You’re in the woods, building a fort or exploring, and having a great time. A few hours later, you get a horrible, itchy rash. Argh, poison ivy!
Despite the name, poison ivy does not make poison. Instead, every part of the poison ivy plant – leaves, stem, vine, berries, roots – makes an oil called urushiol. So do poison sumac and poison oak. (Mango trees are related to poison ivy and make a little urushiol; people who eat the fruit from the peels of mangos may get blisters on their lips, but the flesh itself is safe.)
If you touch poison ivy, urushiol soaks into your bare skin. There, it sticks to proteins on your skin cells. These cells release a protein called CD1a that activates an allergic response in your body and turns your immune system into hyperdrive. It’s this allergic response that gives you the itchy, blistery rash.
Poison ivy didn’t evolve urushiol as protection against animals, most of whom don’t make CD1a proteins and aren’t allergic to poison ivy. The leaves are an important food source for deer, insects, bears, and other woodland creatures. Birds love poison ivy berries in the winter. Toads hide under the leaves. Even your pets can safely brush up against the plants because their fur keeps urushiol off their skin.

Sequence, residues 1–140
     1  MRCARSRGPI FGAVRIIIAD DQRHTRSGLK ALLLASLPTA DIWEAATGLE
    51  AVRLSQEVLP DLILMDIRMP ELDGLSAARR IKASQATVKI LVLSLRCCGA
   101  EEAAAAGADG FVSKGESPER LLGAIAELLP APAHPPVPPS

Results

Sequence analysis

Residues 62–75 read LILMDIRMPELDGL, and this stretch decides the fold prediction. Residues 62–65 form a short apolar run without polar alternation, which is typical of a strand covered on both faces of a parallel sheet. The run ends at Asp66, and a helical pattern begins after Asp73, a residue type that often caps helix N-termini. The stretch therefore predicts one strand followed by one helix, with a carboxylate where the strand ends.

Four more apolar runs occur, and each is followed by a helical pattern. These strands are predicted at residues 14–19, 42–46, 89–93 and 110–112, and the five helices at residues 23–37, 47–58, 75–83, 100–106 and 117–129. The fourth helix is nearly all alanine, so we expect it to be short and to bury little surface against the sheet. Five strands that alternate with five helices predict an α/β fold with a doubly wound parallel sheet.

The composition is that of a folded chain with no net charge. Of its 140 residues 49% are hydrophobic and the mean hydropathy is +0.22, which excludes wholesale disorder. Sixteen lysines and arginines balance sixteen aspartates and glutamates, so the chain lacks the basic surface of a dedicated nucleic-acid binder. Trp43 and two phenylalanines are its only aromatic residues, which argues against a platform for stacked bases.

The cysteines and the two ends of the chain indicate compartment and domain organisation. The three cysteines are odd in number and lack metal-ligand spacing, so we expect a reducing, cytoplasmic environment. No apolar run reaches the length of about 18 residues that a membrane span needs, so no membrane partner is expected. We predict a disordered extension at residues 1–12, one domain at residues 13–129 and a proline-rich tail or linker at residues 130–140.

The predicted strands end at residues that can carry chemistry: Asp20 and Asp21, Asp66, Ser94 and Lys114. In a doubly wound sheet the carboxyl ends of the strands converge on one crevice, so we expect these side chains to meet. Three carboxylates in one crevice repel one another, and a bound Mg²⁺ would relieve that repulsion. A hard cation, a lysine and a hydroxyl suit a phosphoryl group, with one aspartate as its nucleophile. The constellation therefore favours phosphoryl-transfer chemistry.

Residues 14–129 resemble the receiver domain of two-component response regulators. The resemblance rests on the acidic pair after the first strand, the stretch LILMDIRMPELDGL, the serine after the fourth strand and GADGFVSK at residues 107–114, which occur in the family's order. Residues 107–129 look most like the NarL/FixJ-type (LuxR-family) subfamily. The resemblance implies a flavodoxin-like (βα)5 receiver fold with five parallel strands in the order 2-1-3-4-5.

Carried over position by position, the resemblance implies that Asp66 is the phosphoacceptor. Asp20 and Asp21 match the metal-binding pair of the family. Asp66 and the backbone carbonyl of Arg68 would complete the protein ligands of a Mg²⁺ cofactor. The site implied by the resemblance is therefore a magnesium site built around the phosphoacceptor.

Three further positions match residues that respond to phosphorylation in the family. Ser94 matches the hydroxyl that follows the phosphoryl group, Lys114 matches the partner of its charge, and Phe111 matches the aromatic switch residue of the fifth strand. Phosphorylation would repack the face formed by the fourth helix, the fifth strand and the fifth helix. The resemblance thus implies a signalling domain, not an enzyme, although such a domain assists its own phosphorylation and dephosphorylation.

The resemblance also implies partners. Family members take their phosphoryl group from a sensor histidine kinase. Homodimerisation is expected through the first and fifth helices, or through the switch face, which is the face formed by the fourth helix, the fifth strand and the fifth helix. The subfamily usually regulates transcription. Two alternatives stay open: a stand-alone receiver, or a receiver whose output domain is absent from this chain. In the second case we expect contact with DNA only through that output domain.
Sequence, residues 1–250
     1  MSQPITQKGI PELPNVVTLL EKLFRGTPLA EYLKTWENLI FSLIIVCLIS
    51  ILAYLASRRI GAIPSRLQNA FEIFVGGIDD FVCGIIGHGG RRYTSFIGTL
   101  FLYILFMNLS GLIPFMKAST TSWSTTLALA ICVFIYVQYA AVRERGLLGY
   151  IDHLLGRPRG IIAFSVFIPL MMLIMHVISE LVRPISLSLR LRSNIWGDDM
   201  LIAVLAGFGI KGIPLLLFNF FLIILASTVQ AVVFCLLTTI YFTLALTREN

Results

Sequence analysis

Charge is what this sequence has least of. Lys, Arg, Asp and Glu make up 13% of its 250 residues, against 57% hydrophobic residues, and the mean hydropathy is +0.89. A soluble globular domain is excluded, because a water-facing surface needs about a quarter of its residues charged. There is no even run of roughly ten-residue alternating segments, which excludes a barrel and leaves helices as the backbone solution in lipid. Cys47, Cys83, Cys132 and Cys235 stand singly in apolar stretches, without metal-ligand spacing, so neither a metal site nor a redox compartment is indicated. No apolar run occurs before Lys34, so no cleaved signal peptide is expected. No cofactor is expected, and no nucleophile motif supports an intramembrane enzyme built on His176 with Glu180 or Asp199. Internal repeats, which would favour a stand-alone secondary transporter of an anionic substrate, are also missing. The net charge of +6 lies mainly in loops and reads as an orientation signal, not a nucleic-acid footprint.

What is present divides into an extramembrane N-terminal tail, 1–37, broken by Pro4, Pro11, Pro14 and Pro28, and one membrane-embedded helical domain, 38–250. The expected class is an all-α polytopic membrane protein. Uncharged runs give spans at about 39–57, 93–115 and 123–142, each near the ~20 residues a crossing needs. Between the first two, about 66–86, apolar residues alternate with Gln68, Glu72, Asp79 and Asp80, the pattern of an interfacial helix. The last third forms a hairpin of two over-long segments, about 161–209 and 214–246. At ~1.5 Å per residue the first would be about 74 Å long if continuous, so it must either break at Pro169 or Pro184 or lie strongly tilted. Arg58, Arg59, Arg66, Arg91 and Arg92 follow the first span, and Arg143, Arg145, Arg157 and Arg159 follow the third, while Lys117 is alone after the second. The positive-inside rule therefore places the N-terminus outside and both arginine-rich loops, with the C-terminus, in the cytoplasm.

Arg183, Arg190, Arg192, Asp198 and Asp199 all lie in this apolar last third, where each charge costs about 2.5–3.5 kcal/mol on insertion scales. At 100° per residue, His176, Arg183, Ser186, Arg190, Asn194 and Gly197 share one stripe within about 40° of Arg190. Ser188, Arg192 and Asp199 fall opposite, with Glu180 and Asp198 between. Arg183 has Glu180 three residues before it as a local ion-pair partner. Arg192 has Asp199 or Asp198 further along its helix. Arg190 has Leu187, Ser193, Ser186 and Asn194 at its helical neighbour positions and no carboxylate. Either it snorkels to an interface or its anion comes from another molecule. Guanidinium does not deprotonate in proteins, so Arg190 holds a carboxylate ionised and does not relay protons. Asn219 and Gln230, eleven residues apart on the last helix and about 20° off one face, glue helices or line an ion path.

The best guess is that urushiol may have evolved as antimicrobial defense to protect the plants from infection.
The poison ivy rash isn’t contagious. By the time you’ve gotten the rash, your skin has already absorbed the oil.
If you think you’ve touched poison ivy, try to keep the oil from soaking in. Wash the area right away by vigorously scrubbing with a soapy washcloth.
Poison ivy plants die back in winter, so you may start to see fewer “leaves of three” soon. However, urushiol is made by all parts of the plant. Even in the fall and winter, don’t touch those furry vines.
This originally appeared in Volume One Magazine